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What's Yoga All About?


What’s yoga all about?

First of all, there are many different types of yoga. Slow, relaxing classes; power yoga classes; alignment based classes; spiritual classes; and everything in between. It is crucial to find the right type of yoga and the right teacher for you. What are your goals when you think about your yoga practice?

Yoga is for every body. You don’t have to be a certain size or shape to do yoga. I commonly hear people say that they are not flexible enough for yoga. That is the exact reason why you go to yoga class. Yoga class is a safe place to start your yoga journey. Your balance changes every day (really) and your flexibility comes and goes throughout your life. I teach five year olds yoga and some can touch their toes – no problem. Others can barely stretch past their knees. We all start at a different point, but we come to class to work towards the same goal in a supportive, positive environment.

What does vinyasa mean? Vinyasa means ‘moving with breath’ – the goal is to move in and out of poses with your breath as a sort of moving meditation. Moving with breath creates expansion in the body and allows deeper openings in postures. A vinyasa is often a sun salutation as an extension of a yoga sequence. Teachers will instruct you to move through a vinyasa. Starting in tadasana arms extend overhead on the inhale, exhale folding forward, inhale flat back (lengthen spine), exhale step back to plank pose and lower halfway down (chaturanga), inhale upward facing dog, exhale downward facing dog. Breathe.

Do your thing. This was a concept I really didn’t understand until I went through teacher’s training. Yoga teachers often give options in class. Do A, B, or C. I always went for the hardest option if it was given to me. Even if I wasn’t feeling it, even if it didn’t feel right. Teachers are there to guide you through your practice. Take what works for you and modify as needed. Your yoga practice will change throughout time and that is why yoga can sustain as a workout and lifestyle. There are some poses that I just don’t do. I don’t like the way they feel so I don’t do them. There are poses that I can do, but choose to do the modified or easier version instead. I can get a better stretch in half splits than in full splits. There are poses I prefer to use a block with (even though I don’t “need” it), as I feel more of a stretch. Know that you can opt out at any point and take a break in child’s pose. Honor your body – nobody is judging you.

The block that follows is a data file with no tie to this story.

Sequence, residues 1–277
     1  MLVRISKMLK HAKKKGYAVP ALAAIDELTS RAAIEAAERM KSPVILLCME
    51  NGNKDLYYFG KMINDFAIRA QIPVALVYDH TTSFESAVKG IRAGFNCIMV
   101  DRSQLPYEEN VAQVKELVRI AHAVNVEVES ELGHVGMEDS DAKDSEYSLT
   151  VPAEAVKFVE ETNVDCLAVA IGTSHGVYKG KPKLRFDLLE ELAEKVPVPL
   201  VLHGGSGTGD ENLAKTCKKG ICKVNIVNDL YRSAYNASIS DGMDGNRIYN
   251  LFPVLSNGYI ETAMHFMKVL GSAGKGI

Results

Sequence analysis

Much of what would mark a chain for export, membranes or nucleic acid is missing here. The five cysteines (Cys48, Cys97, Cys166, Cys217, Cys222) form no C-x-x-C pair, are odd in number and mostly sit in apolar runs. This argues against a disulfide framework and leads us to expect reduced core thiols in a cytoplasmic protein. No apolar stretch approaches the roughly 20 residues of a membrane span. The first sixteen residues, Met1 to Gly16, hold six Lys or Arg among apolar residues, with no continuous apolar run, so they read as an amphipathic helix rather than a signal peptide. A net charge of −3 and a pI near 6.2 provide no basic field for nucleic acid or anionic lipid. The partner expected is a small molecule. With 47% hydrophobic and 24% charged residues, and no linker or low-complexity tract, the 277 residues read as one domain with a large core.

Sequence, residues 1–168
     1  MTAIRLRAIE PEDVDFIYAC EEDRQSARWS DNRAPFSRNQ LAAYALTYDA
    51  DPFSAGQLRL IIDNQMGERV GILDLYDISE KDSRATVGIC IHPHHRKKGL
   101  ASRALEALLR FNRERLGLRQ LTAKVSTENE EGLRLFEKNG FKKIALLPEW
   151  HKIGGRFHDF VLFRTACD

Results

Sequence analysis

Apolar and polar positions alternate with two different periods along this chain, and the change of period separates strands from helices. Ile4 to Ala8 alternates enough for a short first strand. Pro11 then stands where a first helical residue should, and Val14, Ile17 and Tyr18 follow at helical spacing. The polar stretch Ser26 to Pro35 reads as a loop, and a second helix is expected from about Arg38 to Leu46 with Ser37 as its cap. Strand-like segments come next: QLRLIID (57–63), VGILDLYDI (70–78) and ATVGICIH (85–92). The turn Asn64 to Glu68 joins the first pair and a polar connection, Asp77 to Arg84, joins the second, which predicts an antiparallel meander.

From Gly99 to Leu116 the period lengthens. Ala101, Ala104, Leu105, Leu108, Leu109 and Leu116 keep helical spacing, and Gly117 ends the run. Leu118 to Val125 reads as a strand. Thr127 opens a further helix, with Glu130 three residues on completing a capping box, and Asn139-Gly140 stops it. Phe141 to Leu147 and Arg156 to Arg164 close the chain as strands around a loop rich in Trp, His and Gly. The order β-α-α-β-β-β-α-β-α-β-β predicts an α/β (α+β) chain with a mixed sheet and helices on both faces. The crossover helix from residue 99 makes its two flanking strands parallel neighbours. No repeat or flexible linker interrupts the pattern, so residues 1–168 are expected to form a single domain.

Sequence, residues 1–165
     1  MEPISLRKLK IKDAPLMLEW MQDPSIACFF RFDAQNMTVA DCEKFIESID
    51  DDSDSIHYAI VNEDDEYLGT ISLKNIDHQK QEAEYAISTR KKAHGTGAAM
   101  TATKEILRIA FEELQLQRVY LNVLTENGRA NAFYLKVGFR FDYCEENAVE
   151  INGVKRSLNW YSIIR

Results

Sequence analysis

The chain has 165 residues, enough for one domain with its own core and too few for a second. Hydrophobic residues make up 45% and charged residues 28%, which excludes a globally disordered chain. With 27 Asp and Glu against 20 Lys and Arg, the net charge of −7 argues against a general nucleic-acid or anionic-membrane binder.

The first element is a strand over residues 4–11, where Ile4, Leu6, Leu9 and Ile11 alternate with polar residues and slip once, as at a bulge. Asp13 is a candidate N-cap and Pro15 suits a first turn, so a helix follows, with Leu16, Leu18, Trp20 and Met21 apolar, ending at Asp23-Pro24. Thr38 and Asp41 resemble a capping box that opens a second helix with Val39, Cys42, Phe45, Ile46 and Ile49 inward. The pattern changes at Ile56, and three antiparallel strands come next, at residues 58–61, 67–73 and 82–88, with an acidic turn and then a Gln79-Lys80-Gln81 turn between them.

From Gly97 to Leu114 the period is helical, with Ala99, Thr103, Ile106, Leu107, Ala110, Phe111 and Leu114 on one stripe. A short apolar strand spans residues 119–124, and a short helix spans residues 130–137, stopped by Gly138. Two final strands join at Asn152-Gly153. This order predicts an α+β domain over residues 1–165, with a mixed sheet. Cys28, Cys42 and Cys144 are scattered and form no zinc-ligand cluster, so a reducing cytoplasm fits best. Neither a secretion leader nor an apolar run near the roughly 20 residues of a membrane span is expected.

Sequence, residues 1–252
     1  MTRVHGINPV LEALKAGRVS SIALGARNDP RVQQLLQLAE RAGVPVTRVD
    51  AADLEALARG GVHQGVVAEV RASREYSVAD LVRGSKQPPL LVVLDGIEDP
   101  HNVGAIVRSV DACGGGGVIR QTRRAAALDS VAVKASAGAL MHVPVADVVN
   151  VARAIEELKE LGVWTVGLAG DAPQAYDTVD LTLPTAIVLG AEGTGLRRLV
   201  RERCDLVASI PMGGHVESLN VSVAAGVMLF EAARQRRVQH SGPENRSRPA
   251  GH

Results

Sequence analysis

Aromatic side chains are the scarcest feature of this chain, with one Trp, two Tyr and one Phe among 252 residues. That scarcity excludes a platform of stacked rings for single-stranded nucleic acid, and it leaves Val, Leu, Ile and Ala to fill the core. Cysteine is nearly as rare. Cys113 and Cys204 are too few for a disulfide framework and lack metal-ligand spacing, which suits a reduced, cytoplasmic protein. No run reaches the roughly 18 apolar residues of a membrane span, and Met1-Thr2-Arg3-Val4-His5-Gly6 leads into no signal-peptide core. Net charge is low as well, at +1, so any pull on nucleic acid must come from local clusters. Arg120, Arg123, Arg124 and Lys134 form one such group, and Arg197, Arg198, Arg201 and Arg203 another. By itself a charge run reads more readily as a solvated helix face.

What’s my teaching style? I was SO fortunate to have a very solid, comprehensive training from La Jolla Yoga Center in San Diego, CA. My training was in vinyasa yoga with an emphasis on alignment (Anusara alignment principles). Additionally, I apprenticed with an Iyengar teacher, giving me exposure to props and therapeutic applications with each posture. As a teacher working with athletes/injuries, I’ve studied under Bo Forbes, learning to regulate the nervous system through yoga and meditation. I teach different sequences every class, incorporating postures for a well-rounded class. Long savasanas are my favorite – the nervous system can integrate all the work from class and students leave feeling rejuvenated. I do not take myself too seriously and want people to have a good time in yoga. I tend to stay away from typical yoga music – that is my preference and I love the good vibes from a fun playlist.

Namaste!!

BTW, what does ‘namaste’ mean? Namaste translates to “the light in me honors the light in you” – we say it at the end of yoga class. Sitting with hands at heart we bow and say ‘namaste’ to our teacher after they say it to us. It basically means, “thank you, I respect you.”

What do you need to get started? A yoga mat. There are lots of different types at different price points. I use The Mat from lululemon. My hands used to slide around on other mats and I love the grip on the lululemon mat. It’s expensive, but worth it, especially if you are practicing yoga several times a week. Two yoga blocks can be very helpful to help you feel the correct alignment in poses. Yoga blocks are pretty cheap, and you can find them online or in stores. Grab a yoga strap or bring a long sleeved shirt with you to class. They will help with binds and forward folds. Bring a towel and water for a hot yoga class. If you are practicing at home, having a blanket or two handy will help. Use for padding under knees or to sit on for many poses.


Namaste.


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